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Defiant/Oppositional Behavior

boy-cryingThroughout the age range (and especially at about age two), children usually begin to test limits and explore “independence”. Here are some things to help make this time easier, and a learning experience for all:


  • Let your child give some directions that you are willing/able to follow (e.g., when playing pretend house, let him tell you when it is, “Time to go to bed”).
  • Let/encourage your child to give directions and set limits with dolls or action figures.
  • Set and maintain firm limits for things that must be done (e.g., your child must sit down while in the bath; must hold your hand when crossing the street; must not wander away when playing in the park). Remember, though, to pick and choose your battles and balance being firm and flexible.
  • Give and allow choices (e.g., “Do you want to wear the red pants or the blue ones?”).  Choices may help a child feel empowered in a situation.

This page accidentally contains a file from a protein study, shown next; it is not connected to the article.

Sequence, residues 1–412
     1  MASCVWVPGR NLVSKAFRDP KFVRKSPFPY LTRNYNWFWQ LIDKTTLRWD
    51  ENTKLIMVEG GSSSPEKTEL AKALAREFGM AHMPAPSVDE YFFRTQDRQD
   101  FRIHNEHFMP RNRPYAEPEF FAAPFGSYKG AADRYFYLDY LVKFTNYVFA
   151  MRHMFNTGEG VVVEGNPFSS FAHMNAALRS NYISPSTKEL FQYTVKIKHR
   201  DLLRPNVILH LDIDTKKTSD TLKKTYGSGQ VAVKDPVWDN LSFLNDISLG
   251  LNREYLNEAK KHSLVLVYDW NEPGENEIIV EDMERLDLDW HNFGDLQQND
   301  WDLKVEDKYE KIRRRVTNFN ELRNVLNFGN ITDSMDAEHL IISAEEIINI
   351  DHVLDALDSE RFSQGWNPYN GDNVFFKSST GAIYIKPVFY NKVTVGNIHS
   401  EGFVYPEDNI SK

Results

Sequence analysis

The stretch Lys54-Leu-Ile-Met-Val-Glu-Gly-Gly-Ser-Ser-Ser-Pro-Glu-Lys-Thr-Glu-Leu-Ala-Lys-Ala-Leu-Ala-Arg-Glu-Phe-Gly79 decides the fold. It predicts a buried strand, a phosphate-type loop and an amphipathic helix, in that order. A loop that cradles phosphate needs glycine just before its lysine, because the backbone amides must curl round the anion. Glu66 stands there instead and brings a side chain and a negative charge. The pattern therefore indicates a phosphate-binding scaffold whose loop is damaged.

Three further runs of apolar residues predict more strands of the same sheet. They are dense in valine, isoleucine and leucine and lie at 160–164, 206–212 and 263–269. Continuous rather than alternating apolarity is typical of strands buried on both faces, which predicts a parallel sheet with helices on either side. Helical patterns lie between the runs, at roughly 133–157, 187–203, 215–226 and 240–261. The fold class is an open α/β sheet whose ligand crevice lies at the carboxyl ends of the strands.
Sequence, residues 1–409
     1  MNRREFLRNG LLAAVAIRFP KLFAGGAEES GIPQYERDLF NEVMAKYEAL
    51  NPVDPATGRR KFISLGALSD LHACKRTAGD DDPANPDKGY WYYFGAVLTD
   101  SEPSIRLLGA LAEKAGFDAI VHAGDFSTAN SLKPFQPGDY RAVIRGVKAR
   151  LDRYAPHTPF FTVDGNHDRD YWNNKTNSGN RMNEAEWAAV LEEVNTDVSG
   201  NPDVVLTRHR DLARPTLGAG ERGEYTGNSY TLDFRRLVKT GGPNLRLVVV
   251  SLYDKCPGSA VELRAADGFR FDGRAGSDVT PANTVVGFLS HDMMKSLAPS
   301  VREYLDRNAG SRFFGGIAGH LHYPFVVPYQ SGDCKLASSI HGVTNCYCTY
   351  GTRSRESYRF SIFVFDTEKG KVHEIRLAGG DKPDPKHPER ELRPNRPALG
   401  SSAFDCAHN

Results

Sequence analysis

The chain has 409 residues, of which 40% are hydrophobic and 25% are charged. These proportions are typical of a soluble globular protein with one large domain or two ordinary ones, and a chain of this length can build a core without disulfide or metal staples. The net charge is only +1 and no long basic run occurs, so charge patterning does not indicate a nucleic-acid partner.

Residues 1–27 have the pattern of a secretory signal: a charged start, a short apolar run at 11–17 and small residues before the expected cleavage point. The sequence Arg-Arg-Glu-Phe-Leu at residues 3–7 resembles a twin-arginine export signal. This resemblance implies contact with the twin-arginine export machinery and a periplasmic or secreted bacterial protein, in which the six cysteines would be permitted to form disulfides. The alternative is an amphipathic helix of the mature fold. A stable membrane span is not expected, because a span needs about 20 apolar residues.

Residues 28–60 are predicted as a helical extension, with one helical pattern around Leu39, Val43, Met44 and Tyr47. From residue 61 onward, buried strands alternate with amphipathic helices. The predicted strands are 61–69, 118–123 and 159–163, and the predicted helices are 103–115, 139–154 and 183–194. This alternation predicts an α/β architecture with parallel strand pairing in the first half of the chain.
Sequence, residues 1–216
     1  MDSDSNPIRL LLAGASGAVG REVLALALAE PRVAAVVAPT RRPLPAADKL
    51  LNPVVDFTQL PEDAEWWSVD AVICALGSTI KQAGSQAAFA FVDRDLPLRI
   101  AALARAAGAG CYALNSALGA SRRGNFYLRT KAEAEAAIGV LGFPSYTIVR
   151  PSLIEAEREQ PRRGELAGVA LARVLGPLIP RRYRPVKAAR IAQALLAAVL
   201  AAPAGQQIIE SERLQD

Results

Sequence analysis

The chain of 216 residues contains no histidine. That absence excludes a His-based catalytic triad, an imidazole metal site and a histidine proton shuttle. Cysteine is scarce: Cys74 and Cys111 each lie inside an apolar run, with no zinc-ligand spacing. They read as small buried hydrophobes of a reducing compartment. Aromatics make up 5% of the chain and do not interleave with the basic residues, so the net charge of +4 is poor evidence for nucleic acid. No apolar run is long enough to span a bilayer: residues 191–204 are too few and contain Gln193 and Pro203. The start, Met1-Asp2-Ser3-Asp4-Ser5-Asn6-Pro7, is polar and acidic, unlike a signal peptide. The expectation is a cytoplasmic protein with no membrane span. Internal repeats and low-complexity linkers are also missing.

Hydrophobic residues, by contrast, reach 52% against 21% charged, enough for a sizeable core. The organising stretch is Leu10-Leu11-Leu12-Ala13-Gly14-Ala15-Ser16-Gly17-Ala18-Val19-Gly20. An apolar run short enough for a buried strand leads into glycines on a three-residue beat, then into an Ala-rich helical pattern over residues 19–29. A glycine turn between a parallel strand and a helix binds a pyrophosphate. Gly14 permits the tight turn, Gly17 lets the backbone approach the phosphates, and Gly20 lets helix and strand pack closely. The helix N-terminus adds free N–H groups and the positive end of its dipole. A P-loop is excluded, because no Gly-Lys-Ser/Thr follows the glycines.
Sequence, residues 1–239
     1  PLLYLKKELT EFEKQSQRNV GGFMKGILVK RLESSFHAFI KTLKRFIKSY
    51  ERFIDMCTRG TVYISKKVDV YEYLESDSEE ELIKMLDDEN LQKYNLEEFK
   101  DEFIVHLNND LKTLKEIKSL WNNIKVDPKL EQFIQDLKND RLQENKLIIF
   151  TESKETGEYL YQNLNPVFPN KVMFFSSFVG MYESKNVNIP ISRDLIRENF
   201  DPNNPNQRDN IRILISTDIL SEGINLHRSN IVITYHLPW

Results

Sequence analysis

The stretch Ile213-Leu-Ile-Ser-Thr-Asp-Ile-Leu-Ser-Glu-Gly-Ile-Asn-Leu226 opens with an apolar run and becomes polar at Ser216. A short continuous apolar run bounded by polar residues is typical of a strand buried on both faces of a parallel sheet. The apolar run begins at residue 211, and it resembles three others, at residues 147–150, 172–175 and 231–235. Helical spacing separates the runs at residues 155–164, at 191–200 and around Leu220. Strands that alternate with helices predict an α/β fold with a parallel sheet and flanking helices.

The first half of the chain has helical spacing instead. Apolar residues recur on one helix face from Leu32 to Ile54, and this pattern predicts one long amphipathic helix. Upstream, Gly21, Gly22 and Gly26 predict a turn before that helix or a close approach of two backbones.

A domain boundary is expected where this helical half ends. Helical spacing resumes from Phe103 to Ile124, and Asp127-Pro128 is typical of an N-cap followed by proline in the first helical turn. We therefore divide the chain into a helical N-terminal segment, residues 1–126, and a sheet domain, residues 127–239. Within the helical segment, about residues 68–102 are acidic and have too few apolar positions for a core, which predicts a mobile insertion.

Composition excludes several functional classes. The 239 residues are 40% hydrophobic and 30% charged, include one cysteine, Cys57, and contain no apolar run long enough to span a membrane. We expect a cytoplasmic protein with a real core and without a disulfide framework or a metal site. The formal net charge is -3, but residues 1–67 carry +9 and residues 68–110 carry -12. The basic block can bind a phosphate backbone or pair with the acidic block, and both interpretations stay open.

• When your child is resistant to your demands and expresses frustration, talk about and respect his feelings, even though the task must be completed (e.g., “I know you are angry that you have to stop playing with your toys to get dressed, but it’s time to go to the store and we must leave”).
  • When your child is testing limits, try “joking” to help ease him through the frustration.  Sometimes, a child will forget what he was fighting over (When getting dressed, say “I bet you can’t cover you belly button with your shirt!  Wow!  Look at that, you can!”).